One of my clients shared this cartoon with me and, after a good giggle, it made me think about how often a kind of “marriage counseling” comes into my work. As both a ballroom dance instructor and an interior designer I have learned a number of things that can make or break a project for a couple, and I’d like to share some of that insight with you. If you’ve never undertaken a remodel together before, you’re in for a pretty big adventure, and you want to go in with the right attitude and, ideally, the support of a designer that *both* of you like and trust and who can make sure that the final design is one you both like.
Here are key ingredients to achieving the goals for your home and, when you’re done, still have a happy relationship:
1) Identify your dream(s).
First, understand that you both have some idea of what this project will end up looking like, but that you might have very different ideas of that end product. We have to figure out how you want to feel in your home when it’s done, how do you want to live. The key here is to LISTEN to each other, and don’t judge! At this stage every idea is valid.
2) Destroy preconceived notions.
Both partners are going to have some concept of how much it will (or should) cost and how long it will take. Again, LISTEN to each other and *never* laugh at your spouse. If you ridicule your partner they’ll just clam up and be that much less open to your desires when it’s your turn to be heard. It’s normal for someone not to know how much a sofa or flooring or any of the other ingredients will cost – how often does the price of a kitchen faucet come up in your spouse’s work?
3) Draw a map.
This is where the designer starts pulling together ideas and options and will ask for decisions. It often helps to assign “homework” and divide up the decisions – let the husband choose the counters, the wife choose the flooring… and trust the designer to guide the decisions so they all work together. Agree to honor the work and decisions of the other person.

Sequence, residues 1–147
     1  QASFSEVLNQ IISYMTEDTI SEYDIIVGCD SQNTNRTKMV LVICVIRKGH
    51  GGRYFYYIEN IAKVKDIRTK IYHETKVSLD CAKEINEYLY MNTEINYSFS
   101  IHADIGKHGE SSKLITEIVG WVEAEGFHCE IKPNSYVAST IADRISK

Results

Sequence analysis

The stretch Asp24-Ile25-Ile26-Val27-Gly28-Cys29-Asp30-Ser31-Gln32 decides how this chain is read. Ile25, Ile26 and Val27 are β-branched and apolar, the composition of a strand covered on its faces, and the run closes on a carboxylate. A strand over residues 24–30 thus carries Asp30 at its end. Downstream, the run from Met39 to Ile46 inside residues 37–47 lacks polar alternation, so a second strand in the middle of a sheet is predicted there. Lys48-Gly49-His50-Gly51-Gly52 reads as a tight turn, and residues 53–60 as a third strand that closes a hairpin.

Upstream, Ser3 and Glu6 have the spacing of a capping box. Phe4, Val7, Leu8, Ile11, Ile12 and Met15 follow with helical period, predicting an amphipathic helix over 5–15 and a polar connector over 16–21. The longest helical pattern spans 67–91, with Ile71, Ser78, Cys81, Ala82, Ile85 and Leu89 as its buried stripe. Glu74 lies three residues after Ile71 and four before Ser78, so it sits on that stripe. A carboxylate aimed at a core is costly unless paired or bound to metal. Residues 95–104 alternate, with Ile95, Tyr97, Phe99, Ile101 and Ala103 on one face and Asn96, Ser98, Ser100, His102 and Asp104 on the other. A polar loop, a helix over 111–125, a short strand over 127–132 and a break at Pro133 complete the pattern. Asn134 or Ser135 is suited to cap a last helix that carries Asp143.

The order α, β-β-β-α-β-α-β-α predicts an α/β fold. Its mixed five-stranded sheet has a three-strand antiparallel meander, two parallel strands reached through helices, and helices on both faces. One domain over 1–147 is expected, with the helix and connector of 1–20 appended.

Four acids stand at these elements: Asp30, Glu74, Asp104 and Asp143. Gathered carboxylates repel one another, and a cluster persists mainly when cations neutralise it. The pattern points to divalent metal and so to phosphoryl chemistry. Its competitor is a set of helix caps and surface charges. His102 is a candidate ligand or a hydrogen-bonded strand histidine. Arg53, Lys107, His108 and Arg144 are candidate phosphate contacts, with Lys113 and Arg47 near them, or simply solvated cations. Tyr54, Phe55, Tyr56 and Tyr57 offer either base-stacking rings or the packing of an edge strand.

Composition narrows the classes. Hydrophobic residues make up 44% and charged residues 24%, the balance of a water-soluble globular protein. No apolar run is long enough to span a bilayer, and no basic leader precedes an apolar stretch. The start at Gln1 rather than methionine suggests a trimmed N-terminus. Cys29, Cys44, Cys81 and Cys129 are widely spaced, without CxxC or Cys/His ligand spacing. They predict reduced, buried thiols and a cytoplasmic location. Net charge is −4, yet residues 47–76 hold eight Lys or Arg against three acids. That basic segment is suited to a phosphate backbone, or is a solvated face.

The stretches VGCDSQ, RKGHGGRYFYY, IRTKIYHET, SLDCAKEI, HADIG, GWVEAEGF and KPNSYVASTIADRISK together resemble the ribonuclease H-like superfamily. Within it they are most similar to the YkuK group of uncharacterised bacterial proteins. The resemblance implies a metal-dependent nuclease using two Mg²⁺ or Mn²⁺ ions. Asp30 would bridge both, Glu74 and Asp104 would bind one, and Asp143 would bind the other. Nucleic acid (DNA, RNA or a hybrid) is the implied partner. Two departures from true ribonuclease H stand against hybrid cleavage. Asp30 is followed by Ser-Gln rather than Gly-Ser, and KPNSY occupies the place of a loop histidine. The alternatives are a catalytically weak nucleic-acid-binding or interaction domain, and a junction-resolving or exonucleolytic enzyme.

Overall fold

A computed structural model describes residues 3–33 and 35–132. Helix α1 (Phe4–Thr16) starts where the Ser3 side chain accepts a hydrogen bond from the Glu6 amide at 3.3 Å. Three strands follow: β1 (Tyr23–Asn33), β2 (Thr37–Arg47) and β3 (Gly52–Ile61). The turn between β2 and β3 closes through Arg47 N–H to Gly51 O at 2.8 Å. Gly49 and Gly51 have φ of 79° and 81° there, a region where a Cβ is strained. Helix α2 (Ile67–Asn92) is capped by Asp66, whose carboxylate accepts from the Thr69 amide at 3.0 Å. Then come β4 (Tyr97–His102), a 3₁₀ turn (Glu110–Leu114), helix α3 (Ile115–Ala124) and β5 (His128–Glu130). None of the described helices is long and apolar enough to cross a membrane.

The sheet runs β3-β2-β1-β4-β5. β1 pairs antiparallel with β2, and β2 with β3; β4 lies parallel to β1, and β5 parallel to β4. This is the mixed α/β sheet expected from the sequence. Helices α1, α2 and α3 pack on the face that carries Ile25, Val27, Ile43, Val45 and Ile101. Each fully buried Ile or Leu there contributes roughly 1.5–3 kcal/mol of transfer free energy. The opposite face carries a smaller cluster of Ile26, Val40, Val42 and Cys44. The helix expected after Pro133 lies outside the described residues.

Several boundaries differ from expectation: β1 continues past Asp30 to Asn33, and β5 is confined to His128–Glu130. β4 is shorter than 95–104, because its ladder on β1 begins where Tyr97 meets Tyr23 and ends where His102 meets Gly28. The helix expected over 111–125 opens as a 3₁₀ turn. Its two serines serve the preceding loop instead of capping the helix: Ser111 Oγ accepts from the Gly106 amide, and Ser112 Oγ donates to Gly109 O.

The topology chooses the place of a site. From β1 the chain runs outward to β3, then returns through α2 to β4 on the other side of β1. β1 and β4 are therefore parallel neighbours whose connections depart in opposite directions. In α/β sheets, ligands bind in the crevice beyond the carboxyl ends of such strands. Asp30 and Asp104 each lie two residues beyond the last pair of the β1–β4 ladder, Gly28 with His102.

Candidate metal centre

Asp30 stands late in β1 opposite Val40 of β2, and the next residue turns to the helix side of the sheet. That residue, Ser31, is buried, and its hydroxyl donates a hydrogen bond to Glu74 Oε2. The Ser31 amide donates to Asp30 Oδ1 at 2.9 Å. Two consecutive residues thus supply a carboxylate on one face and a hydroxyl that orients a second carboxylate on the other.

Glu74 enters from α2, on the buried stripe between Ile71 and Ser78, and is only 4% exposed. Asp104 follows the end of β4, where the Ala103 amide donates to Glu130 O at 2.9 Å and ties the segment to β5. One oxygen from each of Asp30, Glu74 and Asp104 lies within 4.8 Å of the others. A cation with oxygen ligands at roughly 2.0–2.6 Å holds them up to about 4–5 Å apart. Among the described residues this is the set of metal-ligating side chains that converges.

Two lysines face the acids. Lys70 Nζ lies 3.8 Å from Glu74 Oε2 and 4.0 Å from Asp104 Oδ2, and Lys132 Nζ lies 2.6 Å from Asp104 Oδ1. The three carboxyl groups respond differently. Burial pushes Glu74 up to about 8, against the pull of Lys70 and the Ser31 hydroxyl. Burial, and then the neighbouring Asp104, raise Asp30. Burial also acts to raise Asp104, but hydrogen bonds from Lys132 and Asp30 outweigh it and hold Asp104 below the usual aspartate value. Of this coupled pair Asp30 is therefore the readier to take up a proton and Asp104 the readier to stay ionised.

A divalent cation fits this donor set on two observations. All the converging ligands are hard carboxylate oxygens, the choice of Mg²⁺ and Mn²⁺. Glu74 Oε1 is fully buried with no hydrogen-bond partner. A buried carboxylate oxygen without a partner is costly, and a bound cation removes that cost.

4) Demo and remodel.
You are going to face dust and dirt, perhaps weeks without a kitchen or bath, delays, etc. Last minute decisions will have to be made, and changes approved when things don’t go as planned. Stay on the same team. Budget for a night in a hotel or a nice meal out once in a while as part of the project. Be a cheerleader for your spouse and know that even thought they might stress about different things (she’s worried about the money, he wants the lighting to be just so) their worries are just as valid as your own.
As you achieve goals, break out the champagne. Not just the big goal (the kitchen is done and we are having a housewarming party) but the small goals, too (the cabinets came in!)
6) Throughout, remember what’s important; your marriage and your family.
There are NO design emergencies, and the cabinet color and finish is NOT more important than your spouse. If you see your spouse digging in like a mule, chances are that they feel they aren’t being heard, or felt steamrolled on the last 10 decisions. If you’ve been getting your own way for a while, it might be time to get them really involved again. Or, if *you* start acting like a stubborn mule on a design decision, take a deep breath, set it aside, talk about it with your designer. Go out and get a little perspective. Sometimes you just need a walk, sometimes you need to go volunteer at a soup kitchen, but do something that reminds you that beautiful design and new kitchens and baths are a luxury and a gift, not a right or emergency.
Then go kiss your husband or wife.
You’ll learn a lot about yourself and your partner by taking on a remodel together, and it can be surprisingly easy and even fun if you have a though-out budget with a little extra set aside, and keep some light-hearted perspective